Massachusetts Gov. Mitt Romney (D) this week announced an initiative that would convert medical records to easily shared electronic medical records (EMRs) across the Bay State, a move that has great potential to save Massachusetts millions of dollars while improving patient safety and quality of care.
Romney set ambitious goals for the state's conversion to EMRs, saying he would like to see them adopted in the majority of the state's hospitals over the next five years. By keeping medical records electronically, physician groups, health centers and other healthcare providers will be able to exchange patient information more easily, Romney said.
The initiative is the efforts of a group that formed in September - the Massachusetts eHealth Collaborative (MaeHC) - a non-profit governing entity that represents 34 of the state's key healthcare stakeholders, for leading the EMR push. Romney praised the project's goals and also noted that Blue Cross Blue Shield of Massachusetts has pledged up to $50 million to enable the collaborative to expand electronic health records across the state.
The eHealth project will begin as a pilot program in three yet-to-be-selected communities. The collaborative said it will immediately begin accepting applications from communities interested in piloting EMR technology. The sites will be announced in March 2005 and will serve to develop operational and financing models to facilitate the statewide adoption of these technologies.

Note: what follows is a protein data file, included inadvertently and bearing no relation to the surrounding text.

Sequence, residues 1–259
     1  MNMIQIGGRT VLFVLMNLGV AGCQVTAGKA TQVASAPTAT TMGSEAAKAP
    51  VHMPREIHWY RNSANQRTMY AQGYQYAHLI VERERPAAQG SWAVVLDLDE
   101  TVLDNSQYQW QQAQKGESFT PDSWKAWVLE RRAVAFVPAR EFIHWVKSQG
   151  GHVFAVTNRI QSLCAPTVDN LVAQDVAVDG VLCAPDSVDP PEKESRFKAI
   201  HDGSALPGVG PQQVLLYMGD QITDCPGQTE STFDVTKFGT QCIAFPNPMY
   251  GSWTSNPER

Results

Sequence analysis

Analysts say that moving to an EMR environment can save lives and money. Estimates indicate that as many as 98,000 people in the country die each year because of medical errors. In addition, medication errors, which studies have shown to be largely avoidable, claim approximately 7,000 lives each year and are responsible for another 770,000 injuries.
Currently available technology could save up to 30 percent of the $1.6 trillion spent nationally on healthcare each year, according to studies.
"Universal implementation of EMRs will yield a quantum leap in the quality and safety of patient care," said Micky Tripathi, incoming Massachusetts eHealth Collaborative CEO. "The technology exists today, but we need to get it into the hands of healthcare professionals so they have the information and tools they need to do the best job possible."
Tripathi said medicine is one of the few business sectors yet to embrace electronic information technology, mainly for a lack of financial incentive and the difficulty of making computer systems compatible. Tripathi said Massachusetts could become the first state in the nation to have a statewide electronic medical record system. He said Indiana has launched a similar pilot program, but Tripathi said it doesn't have the funding or the industry support that exists in Massachusetts.
Tripathi said hospitals and doctors have had no financial incentive to invest in an electronic record-keeping system that primarily benefits insurance companies by keeping costs down. Now that an insurance company is making an investment, that concern could be allayed, he said.